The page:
OVAR/GEC Interdisciplinary Transitions in Responsibility for Aging Care

  • Johnson, Helen (PI)

Grants and Contracts Details


Almost daily there are stories of older persons who are at great risk due to the failure of health care providers and the health care system to adequately transfer the responsibility for their care. Examples could include older persons who are discharged from the hospital without instructions for self-care nor plans for home health or with an inadequate supply of pain medicine for the weekend; those who do not know what medications they should be taking, how much or why; those who need community mental health services but do not know what is available; those living in nursing homes with CNAs who are untrained in dementia care; those with family caregivers without the necessary skills to change dressings or manage bed-sores; or those who go from the emergency room, to the x-ray department, to the orthopedic clinic to physical therapy and complete forms at every stop to provide the same information. As these examples show, frail older people may receive care in multiple settings from multiple health care providers and caregivers. Care may be transferred numerous times among family and/or home health providers, general practitioners and specialists, emergency rooms, intensive care units, acute hospitals, rehabilitation centers, nursing homes, and hospice. Within each of these settings the responsibility for care may transfer to numerous different departments and interdisciplinary professionals without benefit of information, medical records, and preferences/instructions for care. The problems inherent in interdisciplinary transferences of aging care are multiplied in the OV ARJGEC region because rural Appalachian elderly are more likely to be poor and less educated, to operate in physical and social isolation, and to have access to health care delivery systems that have only approximated what is necessary to provide high quality health promotion and health care. OV AR needs assessments conducted in 2003-2004 provided documentation that health care faculty, students, and geriatrics services providers require resources, curricula, replicable programs, and training on interdisciplinary transitions in responsibilities of aging care, especially in the areas of Alzheimer's disease, chronic conditions, pain management, end of life care, emergency care, health literacy and cultural diversity.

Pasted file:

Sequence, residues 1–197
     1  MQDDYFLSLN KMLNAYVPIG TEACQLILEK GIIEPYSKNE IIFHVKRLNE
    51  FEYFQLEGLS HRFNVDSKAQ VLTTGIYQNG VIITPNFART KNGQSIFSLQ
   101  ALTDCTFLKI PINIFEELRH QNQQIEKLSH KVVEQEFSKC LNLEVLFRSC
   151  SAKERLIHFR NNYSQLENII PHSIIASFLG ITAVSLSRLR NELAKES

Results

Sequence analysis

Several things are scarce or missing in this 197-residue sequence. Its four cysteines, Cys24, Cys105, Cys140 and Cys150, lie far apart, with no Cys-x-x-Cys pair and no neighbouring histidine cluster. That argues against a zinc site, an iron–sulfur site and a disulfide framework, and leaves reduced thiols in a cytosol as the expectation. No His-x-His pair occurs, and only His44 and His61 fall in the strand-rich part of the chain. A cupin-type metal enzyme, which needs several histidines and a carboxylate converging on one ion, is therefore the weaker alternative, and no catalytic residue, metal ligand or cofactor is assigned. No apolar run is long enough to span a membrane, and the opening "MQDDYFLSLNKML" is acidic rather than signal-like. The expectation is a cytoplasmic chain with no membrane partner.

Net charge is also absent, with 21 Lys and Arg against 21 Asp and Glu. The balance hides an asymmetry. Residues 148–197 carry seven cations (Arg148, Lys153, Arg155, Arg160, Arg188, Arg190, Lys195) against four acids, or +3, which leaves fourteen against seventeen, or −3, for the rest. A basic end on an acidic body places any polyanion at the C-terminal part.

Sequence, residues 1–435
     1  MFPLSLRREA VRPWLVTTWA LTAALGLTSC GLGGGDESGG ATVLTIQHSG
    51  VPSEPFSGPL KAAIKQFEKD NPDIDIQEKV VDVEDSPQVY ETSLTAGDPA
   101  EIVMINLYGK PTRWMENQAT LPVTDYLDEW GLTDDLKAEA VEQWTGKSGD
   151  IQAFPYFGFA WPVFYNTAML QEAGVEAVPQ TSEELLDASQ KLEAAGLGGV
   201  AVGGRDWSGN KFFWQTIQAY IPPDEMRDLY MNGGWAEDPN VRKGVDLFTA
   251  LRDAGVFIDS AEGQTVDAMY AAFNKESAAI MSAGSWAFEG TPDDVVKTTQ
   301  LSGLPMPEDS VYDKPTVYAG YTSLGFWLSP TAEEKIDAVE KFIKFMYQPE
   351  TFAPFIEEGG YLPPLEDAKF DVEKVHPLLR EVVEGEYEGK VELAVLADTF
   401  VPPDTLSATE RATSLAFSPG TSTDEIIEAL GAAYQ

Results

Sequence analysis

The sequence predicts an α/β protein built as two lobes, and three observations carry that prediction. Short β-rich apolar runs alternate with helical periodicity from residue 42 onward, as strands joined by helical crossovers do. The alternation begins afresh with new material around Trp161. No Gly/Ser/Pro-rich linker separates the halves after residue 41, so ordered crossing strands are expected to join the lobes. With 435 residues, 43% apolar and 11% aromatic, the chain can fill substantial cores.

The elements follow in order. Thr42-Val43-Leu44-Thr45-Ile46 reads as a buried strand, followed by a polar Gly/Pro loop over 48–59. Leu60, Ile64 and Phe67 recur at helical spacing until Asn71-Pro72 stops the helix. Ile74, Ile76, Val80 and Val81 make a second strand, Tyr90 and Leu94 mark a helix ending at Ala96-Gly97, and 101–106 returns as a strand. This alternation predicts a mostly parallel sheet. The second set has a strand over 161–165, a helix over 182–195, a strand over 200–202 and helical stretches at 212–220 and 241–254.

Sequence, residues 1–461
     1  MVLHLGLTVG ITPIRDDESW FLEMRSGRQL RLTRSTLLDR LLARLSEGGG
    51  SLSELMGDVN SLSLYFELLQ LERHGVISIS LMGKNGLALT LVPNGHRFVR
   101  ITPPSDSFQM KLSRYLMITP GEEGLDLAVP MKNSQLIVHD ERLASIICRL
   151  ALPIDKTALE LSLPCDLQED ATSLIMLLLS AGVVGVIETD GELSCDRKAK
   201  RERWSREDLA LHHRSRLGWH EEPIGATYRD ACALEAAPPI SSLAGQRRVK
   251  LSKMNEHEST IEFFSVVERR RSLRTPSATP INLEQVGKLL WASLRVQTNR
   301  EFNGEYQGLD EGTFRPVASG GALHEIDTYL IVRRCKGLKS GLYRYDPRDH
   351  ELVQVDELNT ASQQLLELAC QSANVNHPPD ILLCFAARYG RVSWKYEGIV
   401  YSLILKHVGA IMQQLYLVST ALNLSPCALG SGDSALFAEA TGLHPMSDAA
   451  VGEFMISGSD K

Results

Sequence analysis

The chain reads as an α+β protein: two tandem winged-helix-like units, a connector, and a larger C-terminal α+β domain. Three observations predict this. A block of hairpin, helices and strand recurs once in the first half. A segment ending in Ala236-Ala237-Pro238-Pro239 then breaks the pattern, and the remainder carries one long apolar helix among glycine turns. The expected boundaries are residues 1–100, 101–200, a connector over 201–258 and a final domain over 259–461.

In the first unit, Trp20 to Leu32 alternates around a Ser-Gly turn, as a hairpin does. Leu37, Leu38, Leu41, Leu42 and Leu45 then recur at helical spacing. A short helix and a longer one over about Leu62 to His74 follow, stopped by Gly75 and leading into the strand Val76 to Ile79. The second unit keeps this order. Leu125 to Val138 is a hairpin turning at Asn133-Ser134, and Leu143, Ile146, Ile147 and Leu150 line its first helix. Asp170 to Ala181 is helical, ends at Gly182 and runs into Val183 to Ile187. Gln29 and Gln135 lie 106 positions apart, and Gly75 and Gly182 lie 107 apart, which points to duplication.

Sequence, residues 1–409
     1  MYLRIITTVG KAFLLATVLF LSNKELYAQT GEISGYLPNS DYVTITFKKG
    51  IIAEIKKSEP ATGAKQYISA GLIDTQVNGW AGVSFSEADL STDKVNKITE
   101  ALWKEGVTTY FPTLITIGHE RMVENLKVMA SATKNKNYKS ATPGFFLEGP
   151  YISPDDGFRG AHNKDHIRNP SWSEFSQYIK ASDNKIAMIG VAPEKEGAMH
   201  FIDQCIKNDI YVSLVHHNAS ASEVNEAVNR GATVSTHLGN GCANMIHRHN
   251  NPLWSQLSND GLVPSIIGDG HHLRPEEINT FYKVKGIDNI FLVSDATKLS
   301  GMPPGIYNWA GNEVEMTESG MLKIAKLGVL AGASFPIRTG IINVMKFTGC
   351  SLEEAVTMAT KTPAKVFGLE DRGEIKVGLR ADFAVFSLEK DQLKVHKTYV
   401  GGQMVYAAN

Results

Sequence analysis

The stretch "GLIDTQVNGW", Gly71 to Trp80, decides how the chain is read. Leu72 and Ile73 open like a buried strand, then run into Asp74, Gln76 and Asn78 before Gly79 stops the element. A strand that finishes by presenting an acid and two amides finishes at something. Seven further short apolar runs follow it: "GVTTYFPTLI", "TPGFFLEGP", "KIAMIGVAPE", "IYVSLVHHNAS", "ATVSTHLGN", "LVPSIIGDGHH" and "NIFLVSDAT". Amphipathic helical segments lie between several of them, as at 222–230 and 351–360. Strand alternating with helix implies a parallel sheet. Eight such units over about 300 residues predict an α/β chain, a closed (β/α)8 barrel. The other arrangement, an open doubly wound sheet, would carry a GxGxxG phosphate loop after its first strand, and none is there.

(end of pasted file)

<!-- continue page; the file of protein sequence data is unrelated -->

Effective start/end date7/1/0012/31/06


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